The eight-day celebration of Hanukkah begins tonight. On behalf of the authors at SPIB, I want to wish all of our friends and readers a happy and joyous Hanukkah celebration.
In 168 B.C.E. the Jewish Temple was seized by Syrian-Greek soldiers and dedicated to the worship of the god Zeus. This upset the Jewish people, but many were afraid to fight back for fear of reprisals. Then in 167 B.C.E. the Syrian-Greek emperor Antiochus made the observance of Judaism an offense punishable by death. He also ordered all Jews to worship Greek gods.
Jewish resistance began in the village of Modiin, near Jerusalem. Greek soldiers forcibly gathered the Jewish villages and told them to bow down to an idol, then eat the flesh of a pig – both practices that are forbidden to Jews. A Greek officer ordered Mattathias, a High Priest, to acquiesce to their demands, but Mattathias refused. When another villager stepped forward and offered to cooperate on Mattathias’ behalf, the High Priest became outraged. He drew his sword and killed the villager, then turned on the Greek officer and killed him too. His five sons and the other villagers then attacked the remaining soldiers, killing all of them.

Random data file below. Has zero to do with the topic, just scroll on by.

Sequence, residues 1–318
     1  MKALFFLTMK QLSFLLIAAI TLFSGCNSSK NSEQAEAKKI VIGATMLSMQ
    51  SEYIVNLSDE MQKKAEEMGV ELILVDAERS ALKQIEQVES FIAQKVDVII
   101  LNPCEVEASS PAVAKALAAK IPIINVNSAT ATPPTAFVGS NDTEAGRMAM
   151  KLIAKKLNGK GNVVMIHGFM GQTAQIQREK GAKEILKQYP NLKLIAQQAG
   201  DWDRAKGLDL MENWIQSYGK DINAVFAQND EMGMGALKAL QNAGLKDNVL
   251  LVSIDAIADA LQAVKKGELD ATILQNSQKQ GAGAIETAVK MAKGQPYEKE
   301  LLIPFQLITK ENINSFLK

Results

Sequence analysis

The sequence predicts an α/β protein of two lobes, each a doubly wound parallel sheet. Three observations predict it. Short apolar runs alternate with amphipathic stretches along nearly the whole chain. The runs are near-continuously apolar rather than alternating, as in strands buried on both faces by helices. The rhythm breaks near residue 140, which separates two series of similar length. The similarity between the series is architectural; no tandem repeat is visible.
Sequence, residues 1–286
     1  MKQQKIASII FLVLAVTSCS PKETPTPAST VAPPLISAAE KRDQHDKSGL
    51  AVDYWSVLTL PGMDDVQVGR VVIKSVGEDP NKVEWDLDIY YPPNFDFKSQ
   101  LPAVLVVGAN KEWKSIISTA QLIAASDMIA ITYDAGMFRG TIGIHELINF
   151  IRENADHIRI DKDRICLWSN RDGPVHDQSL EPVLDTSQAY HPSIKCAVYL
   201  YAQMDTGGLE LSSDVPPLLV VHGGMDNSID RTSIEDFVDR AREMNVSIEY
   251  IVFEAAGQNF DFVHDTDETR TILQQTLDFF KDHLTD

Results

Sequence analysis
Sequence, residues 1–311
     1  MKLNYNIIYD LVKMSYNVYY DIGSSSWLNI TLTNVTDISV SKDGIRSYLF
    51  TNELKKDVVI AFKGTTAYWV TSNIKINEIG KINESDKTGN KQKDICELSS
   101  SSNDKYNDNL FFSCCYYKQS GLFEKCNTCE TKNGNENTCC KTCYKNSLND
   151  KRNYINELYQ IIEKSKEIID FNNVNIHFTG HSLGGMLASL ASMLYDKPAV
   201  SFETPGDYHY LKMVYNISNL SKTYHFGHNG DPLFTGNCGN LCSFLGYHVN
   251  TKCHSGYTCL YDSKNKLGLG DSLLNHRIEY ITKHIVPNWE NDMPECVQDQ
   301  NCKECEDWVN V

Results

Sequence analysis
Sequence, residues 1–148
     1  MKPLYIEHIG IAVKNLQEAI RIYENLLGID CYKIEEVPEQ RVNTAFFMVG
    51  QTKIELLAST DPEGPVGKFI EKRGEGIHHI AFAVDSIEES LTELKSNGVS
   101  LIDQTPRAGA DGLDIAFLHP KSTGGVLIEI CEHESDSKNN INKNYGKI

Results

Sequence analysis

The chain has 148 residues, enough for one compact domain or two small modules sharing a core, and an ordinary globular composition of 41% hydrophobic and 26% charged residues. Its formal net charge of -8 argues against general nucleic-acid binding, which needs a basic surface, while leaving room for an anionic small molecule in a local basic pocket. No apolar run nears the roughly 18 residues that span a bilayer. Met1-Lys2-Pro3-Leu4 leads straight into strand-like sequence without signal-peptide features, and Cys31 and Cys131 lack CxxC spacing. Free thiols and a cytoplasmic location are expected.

Mattathias and his family went into hiding in the mountains, where other Jews wishing to fight against the Greeks joined them. Eventually they succeeded in retaking their land from the Greeks. These rebels became known as the Maccabees, or Hasmoneans.
Once the Maccabees had regained control they returned to the Temple in Jerusalem. By this time it had been spiritually defiled by being used for the worship of foreign gods and also by practices such as sacrificing swine. Jewish troops were determined to purify the Temple by burning ritual oil in the Temple’s menorah for eight days. But to their dismay, they discovered that there was only one day’s worth of oil left in the Temple. They lit the menorah anyway and to their surprise the small amount of oil lasted the full eight days.